2. Solve a word puzzle. We love this series of crossword puzzle books because they have perforated pages you can tear out so you can solve a puzzle on the go. As another option, the word searches from the Highlights PuzzleMania series kept my kids busy for a long while.
  3. Read a book. If your child isn’t a bookworm yet, get them a wide variety of options, including graphic novels, picture books, magazines, funny poetry, and chapter books. You never know what they’ll end up loving! For book recommendations, check out our list of the best picture books, according to kids and parents. For older kids, here’s our list of the best chapter books for turning kids into bookworms.
  4. Write a story and illustrate it. My kids love these blank storybooks, which you can get in packs of six.
  5. Send a letter or thank-you note. Gratitude is important to wellbeing, so this is an easy way to nurture gratitude in your child. Research shows that when you encourage your child to participate in gratitude-rich activities, you increase their capacity for gratitude. For this activity, ask your child to think of someone they’re grateful to or for, then encourage them to write a letter or thank-you note to mail to that person. In our family, we started “Letter Wednesdays” to remember to do this once a week and get in the habit of expressing our gratitude.
  6. Write a play. Your child can write the script, design the set, pull together the costumes, and when it’s all done put the whole show on. For only children, they can create a one-person show, but for multiple kids the whole crew can get in on the project.
  7. Create a family newsletter or newspaper. To keep your friends and family updated on what’s new with your family, encourage your child to act like a reporter and create a newspaper-style update of everything that’s going on. Your loved ones will appreciate the adorable update, and your child will stay busy for a while pulling the whole thing together.
  8. Start a journal. Journaling is a powerful tool for helping kids cope with emotions because it puts you into a state of mindfulness, where your negative experiences don’t seem quite so earth-shattering. Also, the emotional release you get from journaling can lower anxiety and stress, plus help you sleep better. If your child doesn’t already keep a journal, check out our list of the best journals for kids and pick up one for your child: 10 Best Journals for Kids That Will Boost Your Child’s Emotional Intelligence.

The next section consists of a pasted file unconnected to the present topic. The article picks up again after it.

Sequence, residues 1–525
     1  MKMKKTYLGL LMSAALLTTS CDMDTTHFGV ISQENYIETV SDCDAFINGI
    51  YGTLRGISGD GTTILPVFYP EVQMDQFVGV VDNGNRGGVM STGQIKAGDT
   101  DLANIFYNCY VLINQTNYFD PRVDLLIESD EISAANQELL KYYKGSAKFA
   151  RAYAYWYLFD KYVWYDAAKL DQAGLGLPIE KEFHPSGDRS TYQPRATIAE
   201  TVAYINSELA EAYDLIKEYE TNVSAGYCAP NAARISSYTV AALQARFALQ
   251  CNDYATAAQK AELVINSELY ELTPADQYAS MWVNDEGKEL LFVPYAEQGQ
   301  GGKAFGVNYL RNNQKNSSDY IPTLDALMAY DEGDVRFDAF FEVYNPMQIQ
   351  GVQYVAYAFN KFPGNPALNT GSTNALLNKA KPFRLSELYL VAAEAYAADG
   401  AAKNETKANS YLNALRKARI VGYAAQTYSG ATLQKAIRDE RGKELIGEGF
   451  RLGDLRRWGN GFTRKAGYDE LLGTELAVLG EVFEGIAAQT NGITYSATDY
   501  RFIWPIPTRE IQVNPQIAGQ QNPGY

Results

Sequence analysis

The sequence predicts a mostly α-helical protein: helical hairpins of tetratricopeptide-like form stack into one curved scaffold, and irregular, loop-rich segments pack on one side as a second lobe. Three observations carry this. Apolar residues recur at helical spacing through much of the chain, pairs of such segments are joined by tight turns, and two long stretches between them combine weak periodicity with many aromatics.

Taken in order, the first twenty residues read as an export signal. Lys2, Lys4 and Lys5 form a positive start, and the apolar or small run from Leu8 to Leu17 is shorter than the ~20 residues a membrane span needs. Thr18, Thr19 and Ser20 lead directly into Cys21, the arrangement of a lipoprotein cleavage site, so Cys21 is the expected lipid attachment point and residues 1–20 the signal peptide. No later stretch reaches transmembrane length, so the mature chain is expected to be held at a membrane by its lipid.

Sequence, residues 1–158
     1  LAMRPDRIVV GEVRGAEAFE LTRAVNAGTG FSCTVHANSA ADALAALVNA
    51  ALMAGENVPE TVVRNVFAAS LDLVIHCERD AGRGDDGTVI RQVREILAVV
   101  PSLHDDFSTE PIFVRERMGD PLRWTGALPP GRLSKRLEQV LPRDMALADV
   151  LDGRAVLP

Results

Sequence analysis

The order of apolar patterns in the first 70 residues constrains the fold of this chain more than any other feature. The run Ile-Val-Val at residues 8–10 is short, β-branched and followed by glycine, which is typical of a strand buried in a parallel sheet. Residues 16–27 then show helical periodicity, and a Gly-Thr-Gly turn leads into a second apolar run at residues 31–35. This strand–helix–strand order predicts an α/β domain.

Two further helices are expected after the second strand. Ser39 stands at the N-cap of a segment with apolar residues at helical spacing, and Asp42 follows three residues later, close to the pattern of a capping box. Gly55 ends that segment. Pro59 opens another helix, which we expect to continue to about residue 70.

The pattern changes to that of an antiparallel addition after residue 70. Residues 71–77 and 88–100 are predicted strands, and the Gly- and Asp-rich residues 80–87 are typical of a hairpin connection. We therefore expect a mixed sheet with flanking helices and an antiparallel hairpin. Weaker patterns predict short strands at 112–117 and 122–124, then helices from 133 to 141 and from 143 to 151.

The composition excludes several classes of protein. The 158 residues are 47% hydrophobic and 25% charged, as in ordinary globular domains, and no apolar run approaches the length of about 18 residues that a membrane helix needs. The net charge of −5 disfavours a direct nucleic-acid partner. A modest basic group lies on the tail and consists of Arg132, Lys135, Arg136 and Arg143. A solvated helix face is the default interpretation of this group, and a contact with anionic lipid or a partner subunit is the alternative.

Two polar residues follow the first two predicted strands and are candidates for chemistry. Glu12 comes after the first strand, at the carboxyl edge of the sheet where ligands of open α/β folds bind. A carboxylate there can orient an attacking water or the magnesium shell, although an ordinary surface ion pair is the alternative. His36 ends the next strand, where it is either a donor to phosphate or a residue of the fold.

When you need fun activities for kids at home, don't forget to head outside and turn on the sprinklers

Water Fun

Most kids love playing in the water. So when you need ideas for activities for kids at home, below are some fun ways to add water play into the mix.

Note: Whether your child can do these water activities independently will depend on your child’s age and temperament, so you’ll need to make that decision. If you have things you need to get done, you can always set up a lawn chair nearby your child and catch up on email, read a book, or just take a break!

  1. Turn on the sprinklers. Tell your child to put on their swimsuit and start the sprinkler in your yard. They can play games like Freeze Tag or London Bridge, design an obstacle course around the sprinkler, or set up a bike wash station to wash their bike with a sponge and soap. Or as another option, get a fun splash mat for your yard.
  2. Have a water balloon fight. This works best when you have more than one child. Set them up with a bunch of water balloons (get the quick-fill kind here!), and let them loose. They can throw them at each other, or they can play water balloon toss to see how many they can toss to each other before one breaks. If you don’t have water balloons, bust out your squirt guns and fill those up instead.
  3. Wash the car. Get the kids set up with a bucket, a sponge, soap, and the hose, and let them have at it.
  4. Set up a water table. This activity is perfect for keeping toddlers and preschoolers busy. You can either get a ready-made water table like this one or make your own using PVC pipe. Here’s the tutorial we used to make ours. When my kids were toddlers and preschoolers, they would happily spend 30 to 45 minutes at the water table!